Side-Effects of Unemployment Uncertainty

February 18, 2009 at 12:32 pm Leave a comment

As uncertainty over unemployment rises it is natural that some people will start to experience increased anxiety and levels of stress. With stress can come shorter fuses and the risk of arguments.

Mark Branbenburg, personal coach committed to helping fathers succeed (though we mums – in fact anyone – can benefit from this kind of support too) offers this great advice on avoiding arguments and keeping your home your haven:

 How to Avoid Arguments

1. Be concerned with being kind more than being right.
If you’re kind to your spouse and treat them well, you’ll experience fewer arguments.

2. Develop the fine art of keeping your mouth closed.
There will be many occasions when you’ll want to respond to a comment your spouse has made, and an argument is waiting to happen. Take a hard swallow, and notice that no argument occurs.

3. Talk with your spouse about making the effort to avoid arguments.
Have a specific plan in place you both agree on when things gets tense. If you know you’re both committed to improving, it’s easier to stay committed.

4. Raise your own standards.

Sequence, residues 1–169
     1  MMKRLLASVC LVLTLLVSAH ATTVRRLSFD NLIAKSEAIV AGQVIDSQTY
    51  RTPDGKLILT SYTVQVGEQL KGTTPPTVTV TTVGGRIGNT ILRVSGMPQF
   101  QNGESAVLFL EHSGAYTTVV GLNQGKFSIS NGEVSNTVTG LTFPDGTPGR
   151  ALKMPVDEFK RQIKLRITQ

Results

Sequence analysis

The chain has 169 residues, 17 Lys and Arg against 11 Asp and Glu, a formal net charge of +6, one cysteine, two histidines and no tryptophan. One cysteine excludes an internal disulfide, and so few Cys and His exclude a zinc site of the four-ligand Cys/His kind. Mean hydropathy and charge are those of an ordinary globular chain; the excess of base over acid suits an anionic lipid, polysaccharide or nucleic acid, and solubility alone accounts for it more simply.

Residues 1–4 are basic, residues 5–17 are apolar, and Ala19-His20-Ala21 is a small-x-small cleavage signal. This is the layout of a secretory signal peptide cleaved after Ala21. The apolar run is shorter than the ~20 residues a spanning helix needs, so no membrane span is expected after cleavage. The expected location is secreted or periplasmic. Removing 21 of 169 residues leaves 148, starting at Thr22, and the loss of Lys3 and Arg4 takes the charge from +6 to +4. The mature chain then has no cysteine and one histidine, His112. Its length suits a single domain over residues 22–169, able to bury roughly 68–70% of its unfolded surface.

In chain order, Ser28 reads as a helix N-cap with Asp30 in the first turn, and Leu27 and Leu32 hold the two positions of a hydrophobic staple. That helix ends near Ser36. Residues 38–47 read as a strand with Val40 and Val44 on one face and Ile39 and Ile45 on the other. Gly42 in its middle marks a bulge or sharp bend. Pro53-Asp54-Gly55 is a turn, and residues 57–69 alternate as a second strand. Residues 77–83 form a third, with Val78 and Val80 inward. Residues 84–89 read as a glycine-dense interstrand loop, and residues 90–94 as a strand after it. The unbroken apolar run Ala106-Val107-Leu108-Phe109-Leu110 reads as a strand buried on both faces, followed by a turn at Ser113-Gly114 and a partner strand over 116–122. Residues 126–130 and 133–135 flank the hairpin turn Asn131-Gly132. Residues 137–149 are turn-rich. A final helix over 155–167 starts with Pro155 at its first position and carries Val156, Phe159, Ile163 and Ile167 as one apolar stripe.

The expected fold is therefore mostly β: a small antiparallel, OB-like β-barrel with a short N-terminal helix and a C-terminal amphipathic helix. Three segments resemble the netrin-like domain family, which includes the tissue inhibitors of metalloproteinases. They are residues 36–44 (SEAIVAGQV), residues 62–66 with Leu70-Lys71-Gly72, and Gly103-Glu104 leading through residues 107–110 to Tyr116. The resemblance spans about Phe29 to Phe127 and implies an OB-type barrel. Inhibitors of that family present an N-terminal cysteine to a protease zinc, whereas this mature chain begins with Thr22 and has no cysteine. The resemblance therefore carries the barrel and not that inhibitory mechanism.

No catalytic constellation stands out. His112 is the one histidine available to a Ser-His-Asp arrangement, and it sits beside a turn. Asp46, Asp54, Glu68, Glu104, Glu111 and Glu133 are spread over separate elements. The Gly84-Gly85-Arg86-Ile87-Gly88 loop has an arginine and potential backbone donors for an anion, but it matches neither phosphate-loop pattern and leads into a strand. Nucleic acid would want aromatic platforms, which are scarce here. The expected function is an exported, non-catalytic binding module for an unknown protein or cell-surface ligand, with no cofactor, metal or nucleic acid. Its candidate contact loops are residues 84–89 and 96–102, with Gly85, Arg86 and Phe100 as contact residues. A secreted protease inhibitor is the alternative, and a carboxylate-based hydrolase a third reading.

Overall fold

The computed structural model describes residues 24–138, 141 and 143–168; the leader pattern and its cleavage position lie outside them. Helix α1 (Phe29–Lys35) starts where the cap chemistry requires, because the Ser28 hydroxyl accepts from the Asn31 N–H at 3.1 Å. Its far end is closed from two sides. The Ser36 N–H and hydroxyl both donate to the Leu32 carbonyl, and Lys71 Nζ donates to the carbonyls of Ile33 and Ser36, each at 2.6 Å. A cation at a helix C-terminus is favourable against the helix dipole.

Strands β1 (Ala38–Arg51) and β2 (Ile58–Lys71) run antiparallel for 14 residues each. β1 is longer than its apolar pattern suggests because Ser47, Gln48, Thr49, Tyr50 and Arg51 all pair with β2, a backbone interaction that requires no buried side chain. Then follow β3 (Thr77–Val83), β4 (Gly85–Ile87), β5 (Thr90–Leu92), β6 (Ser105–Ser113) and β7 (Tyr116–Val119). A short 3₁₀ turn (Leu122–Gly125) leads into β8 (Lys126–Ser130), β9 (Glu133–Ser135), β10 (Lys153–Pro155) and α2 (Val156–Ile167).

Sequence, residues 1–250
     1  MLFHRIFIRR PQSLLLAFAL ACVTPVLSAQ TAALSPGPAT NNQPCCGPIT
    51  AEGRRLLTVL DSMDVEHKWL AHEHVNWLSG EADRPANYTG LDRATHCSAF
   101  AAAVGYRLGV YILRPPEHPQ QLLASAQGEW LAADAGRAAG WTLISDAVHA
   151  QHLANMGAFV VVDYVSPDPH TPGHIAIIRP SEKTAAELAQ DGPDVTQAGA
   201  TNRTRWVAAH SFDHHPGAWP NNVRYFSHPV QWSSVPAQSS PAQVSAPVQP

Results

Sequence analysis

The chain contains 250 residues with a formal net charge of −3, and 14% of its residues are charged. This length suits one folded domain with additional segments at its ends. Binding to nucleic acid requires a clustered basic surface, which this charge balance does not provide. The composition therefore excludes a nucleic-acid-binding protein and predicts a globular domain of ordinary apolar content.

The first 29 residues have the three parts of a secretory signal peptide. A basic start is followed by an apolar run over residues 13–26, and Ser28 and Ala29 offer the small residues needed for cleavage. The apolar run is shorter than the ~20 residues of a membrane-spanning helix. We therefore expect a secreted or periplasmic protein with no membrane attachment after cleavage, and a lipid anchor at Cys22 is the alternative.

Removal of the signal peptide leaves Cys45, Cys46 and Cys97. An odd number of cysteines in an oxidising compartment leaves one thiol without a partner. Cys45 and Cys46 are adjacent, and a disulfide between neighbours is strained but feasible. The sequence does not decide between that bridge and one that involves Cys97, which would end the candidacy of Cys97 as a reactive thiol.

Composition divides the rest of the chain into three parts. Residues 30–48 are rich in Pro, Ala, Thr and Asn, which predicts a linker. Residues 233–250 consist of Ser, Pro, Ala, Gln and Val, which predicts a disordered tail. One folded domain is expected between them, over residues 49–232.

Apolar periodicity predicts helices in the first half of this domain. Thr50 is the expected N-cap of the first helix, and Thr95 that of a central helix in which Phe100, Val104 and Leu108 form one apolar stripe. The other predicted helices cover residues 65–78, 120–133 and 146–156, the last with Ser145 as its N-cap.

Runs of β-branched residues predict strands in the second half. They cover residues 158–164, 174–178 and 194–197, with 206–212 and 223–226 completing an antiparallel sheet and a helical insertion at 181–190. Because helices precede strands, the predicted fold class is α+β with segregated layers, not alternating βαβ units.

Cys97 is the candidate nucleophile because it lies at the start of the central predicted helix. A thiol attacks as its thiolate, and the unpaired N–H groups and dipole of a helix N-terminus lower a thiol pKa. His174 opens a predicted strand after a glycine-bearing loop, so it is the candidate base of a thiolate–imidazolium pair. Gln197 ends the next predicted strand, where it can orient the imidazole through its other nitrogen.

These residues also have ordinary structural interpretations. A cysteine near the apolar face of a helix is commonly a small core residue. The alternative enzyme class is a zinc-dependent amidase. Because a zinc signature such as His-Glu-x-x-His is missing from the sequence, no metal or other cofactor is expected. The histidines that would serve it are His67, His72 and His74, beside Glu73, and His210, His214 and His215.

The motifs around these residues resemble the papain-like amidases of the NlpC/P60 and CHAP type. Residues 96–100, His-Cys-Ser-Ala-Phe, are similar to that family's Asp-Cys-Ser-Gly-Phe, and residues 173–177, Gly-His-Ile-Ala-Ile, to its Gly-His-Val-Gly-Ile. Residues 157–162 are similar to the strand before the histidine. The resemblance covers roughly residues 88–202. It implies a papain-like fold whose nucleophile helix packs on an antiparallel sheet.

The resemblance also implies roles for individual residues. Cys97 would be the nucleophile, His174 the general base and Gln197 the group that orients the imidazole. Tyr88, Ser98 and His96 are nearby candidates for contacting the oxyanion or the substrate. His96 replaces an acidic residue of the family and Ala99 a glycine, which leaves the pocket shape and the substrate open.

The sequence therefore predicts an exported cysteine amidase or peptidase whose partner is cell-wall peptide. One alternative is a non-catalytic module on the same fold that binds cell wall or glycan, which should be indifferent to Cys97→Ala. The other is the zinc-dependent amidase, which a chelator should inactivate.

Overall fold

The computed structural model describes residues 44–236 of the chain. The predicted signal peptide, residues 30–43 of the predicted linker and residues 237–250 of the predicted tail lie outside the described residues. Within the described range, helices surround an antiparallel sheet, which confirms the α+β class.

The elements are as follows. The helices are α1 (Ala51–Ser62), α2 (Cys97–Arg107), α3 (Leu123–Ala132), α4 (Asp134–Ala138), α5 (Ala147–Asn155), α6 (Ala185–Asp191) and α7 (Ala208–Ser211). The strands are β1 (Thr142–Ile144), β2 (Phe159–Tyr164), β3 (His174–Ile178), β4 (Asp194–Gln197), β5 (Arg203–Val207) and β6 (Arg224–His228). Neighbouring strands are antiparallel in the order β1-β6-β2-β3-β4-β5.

What kind of person do you really want to be? In view of how useless arguing is, wouldn’t you rather hold yourself to a high standard, and spend time doing something else?

5. Just walk away from the argument.
Walking away allows you some time to gather your thoughts and to cool down. When your perspective is better, you can continue the discussion from a more objective place.

6. Date your spouse regularly.
A lot of arguments result from things that haven’t been fully explored. It’s crucial to have a way to stay up to date, and create rituals that have the two of you talking. Make the time sacred.

7. Bend the truth now and again.
If it’s between being honest and being kind with your spouse, be kind every time! You can tell her the dinner is awful when she asks, but you increase the chances of conflict. Smile, and tell her it’s delicious.

8. Compliment your spouse twice a day.
One of the major reasons for arguments between couples is that people don’t feel acknowledged. Acknowledge your spouse regularly, and they’ll feel appreciated. Appreciated people are less likely to argue.

9. Know Your Triggers Around Arguing.
Familiarize yourself with what comments and situations trigger your anger and argumentative behavior. What are these about? When do they occur? Learn how you can avoid getting trapped in the future.

10. Make yourself accountable for your arguments.
Have other family members hold you accountable for your behavior. Tell them your working on improving, and would they please remind you if you’re starting to argue again. This puts some teeth behind your commitment.

Mark Brandenburg

Mark Brandenburg MA, CPCC
Phone (+1) 651-766-9976
“Helping Men Succeed”

 Here’s to writing powerful resumes – and living empowered lives

Beverley Neil

Entry filed under: Uncategorized.

When It Comes to Resumes – Some Things Never Change Should You Include Personal Interests In Your Resume?

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